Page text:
The crank sensor on your 4.6L or 5.4L Ford pick up (SUV or car) is a two wire type crank sensor that you can easily and accurately test with a multimeter in Volts AC mode.
You don't need a scan tool to test the Ford 4.6L, 5.4L crankshaft position sensor (although a scan tool is a must have tool now-a-days).
This article will walk you thru' the whole thing step by step.
Contents of this tutorial:
You can find this tutorial in Spanish here: Cómo Probar El Sensor De La Posición Del Cigüeñal (Ford 4.6L, 5.4L) (at: autotecnico-online.com).
Important Tips And Suggestions
TIP 1: The crank sensor is located on the timing chain cover. More specifically, it's located to the right (passenger side) of the crank pulley and behind the A/C compressor.
TIP 2: It's very important that the battery on your Ford car (pick up or SUV) must be fully charged for this test. The battery must have enough reserve power to crank the engine easily for several seconds.
TIP 3: You'll need to jack up the vehicle to gain access to the crank sensor. Use a jack stand to hold the car up in the air. Do not trust the jack! Wear safety glasses to protect your eyes from falling debris. Think safety all of the time!
TIP 4: When the crank sensor goes bad, you'll get a no-spark no-start condition. So, if you're getting spark from the ignition coil pack or the Coil-On-Plug ignition coils.. the crank sensor is good and this test will not help you.
Since so many things can cause a ‘cranks but does not start’ condition, the following tutorial may give you some more diagnostic/troubleshooting insights:
How Does The Crank Sensor Work?
The crank sensor is one of the most critical components to get the engine in your Ford car (pick up, SUV, van) started. Since it provides the signal the PCM needs to start injecting fuel and start creating spark.
Here are some specifics of the crankshaft position sensor:
The 4.6L, 5.4L crank sensor is a two wire variable reluctance sensor. What this means is that:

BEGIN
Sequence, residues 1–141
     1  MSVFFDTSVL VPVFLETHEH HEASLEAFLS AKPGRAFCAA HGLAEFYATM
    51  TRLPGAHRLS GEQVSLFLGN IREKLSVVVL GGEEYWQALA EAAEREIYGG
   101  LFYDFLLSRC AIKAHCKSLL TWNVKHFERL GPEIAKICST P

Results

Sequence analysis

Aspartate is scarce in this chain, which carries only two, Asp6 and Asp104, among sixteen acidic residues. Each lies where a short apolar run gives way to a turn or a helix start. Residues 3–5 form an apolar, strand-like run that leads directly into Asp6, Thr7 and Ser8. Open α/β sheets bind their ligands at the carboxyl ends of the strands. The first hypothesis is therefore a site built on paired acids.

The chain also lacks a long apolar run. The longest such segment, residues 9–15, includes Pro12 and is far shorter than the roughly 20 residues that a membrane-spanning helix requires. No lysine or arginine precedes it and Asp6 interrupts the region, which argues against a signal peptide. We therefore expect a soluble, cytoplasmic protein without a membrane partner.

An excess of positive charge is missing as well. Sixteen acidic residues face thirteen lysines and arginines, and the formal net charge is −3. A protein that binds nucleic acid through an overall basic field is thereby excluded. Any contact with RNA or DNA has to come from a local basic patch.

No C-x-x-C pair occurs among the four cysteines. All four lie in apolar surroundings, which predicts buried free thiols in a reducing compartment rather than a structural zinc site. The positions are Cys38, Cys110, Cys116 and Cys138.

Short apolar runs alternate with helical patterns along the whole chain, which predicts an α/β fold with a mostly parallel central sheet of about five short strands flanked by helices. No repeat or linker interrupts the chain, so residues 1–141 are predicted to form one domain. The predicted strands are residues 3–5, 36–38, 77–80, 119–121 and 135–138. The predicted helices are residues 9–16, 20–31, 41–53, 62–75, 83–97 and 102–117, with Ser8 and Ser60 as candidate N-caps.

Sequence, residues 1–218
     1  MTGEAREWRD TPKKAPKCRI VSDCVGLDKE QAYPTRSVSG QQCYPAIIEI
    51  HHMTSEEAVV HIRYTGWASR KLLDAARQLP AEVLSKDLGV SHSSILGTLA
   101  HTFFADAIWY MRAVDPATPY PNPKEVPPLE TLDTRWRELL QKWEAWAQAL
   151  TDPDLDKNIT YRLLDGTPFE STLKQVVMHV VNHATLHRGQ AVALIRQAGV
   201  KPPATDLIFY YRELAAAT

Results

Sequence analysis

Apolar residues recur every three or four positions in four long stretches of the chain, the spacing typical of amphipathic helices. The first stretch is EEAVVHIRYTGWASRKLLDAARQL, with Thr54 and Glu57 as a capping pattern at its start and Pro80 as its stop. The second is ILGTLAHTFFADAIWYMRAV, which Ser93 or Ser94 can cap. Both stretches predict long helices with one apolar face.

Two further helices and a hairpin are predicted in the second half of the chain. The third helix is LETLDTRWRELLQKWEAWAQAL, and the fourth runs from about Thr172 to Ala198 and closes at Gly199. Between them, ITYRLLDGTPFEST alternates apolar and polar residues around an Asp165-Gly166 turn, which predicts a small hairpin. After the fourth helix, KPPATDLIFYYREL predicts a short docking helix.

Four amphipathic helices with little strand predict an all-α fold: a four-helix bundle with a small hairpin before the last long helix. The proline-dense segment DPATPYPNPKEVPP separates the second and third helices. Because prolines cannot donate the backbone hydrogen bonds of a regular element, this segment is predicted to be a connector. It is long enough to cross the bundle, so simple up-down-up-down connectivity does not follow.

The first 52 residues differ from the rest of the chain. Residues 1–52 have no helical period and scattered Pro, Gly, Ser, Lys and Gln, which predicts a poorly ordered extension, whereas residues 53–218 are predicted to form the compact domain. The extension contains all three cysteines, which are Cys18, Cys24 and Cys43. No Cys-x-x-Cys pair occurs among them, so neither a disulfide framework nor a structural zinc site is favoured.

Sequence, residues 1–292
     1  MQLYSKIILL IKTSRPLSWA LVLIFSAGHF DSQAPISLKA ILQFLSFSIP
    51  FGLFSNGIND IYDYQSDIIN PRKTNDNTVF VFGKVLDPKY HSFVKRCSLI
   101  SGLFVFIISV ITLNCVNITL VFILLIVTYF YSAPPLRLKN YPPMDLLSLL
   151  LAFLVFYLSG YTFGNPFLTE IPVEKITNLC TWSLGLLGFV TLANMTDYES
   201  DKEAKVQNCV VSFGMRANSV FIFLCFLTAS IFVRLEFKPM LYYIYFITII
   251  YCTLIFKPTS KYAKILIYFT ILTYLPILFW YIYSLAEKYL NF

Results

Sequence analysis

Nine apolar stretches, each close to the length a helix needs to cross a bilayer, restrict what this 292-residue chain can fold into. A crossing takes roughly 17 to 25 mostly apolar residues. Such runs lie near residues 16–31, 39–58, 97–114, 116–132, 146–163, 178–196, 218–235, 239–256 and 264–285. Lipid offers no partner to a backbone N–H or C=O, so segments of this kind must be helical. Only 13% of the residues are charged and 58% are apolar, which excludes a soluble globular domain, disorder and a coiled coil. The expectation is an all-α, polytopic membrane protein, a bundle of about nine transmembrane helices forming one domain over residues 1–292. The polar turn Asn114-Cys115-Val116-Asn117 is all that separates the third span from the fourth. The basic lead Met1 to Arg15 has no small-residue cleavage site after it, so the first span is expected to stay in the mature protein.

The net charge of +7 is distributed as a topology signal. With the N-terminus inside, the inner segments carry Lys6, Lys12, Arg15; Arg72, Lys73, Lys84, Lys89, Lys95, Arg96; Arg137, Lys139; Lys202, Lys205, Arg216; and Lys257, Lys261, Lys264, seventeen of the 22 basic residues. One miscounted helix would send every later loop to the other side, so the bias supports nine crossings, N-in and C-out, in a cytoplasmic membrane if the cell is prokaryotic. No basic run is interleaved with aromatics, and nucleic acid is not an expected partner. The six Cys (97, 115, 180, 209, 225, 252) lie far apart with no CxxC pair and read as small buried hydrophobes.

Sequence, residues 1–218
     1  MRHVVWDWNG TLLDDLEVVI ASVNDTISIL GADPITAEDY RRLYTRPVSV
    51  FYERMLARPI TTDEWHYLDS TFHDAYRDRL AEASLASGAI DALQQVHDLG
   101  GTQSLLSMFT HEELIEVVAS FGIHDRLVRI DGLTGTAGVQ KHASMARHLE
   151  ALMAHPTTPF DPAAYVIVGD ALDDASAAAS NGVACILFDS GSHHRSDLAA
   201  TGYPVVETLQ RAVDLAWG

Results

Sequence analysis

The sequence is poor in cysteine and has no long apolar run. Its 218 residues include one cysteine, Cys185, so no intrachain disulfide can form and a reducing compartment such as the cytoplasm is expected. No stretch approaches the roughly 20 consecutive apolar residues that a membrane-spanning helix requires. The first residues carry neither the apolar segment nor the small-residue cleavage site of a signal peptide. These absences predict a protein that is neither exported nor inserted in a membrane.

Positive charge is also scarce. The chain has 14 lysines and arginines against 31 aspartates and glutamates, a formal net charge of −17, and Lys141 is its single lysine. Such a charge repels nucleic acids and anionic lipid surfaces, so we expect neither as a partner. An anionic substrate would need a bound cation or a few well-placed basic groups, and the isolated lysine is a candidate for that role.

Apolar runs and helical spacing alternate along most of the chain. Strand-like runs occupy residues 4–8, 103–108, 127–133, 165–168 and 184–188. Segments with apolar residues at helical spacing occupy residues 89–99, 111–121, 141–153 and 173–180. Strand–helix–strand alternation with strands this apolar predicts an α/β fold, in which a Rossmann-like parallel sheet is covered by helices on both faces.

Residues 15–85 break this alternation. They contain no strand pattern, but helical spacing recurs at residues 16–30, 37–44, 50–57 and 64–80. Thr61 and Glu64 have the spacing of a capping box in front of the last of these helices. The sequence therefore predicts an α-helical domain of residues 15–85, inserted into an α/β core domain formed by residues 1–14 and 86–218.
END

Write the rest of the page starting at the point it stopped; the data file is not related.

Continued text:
- It doesn't need an external power source or a Ground source (like in a 3 wire type Hall Effect sensor).
- The crank sensor creates its own signal (AC Volt signal).
Coil Pack Ignition System: If your specific Ford vehicle has an ignition control module (4.6L coil pack vehicles):
- Once the engine starts to crank, the crank sensor produces a crank signal.
- The crank sensor signal is sent directly to the ignition control module.
- Once the ignition control module gets the crank sensor signal:
- The ignition module starts to activate both coil packs.
- Once the coil packs are activated, they start creating spark for each cylinder.
- The ignition module also creates a PIP signal which is sent to the PCM (Powertrain Control Module = Fuel Injection Computer).
- The PIP (Profile Ignition Pickup) signal is the one that the PCM uses to start activating the fuel injectors.
- And so, with the coil packs creating spark for each cylinder and the PCM activating the 8 fuel injectors, the engine in your Ford vehicle starts.
Coil-On-Plug (COP) Ignition System: If your specific Ford vehicle does not use an ignition control module and is the Coil-On-Plug ignition system type:
- The crank sensor signal is sent directly to the PCM.
- The PCM, once it gets the crank sensor signal:
- The PCM activates the Coil-On-Plug ignition coils to start sparking.
- The PCM activates the fuel injectors.
- So, with both fuel and spark being fed to each engine cylinder, the engine in your Ford car (or pick up, van, SUV) starts.
In the next section, I'll go into some of the symptoms of a bad crank sensor...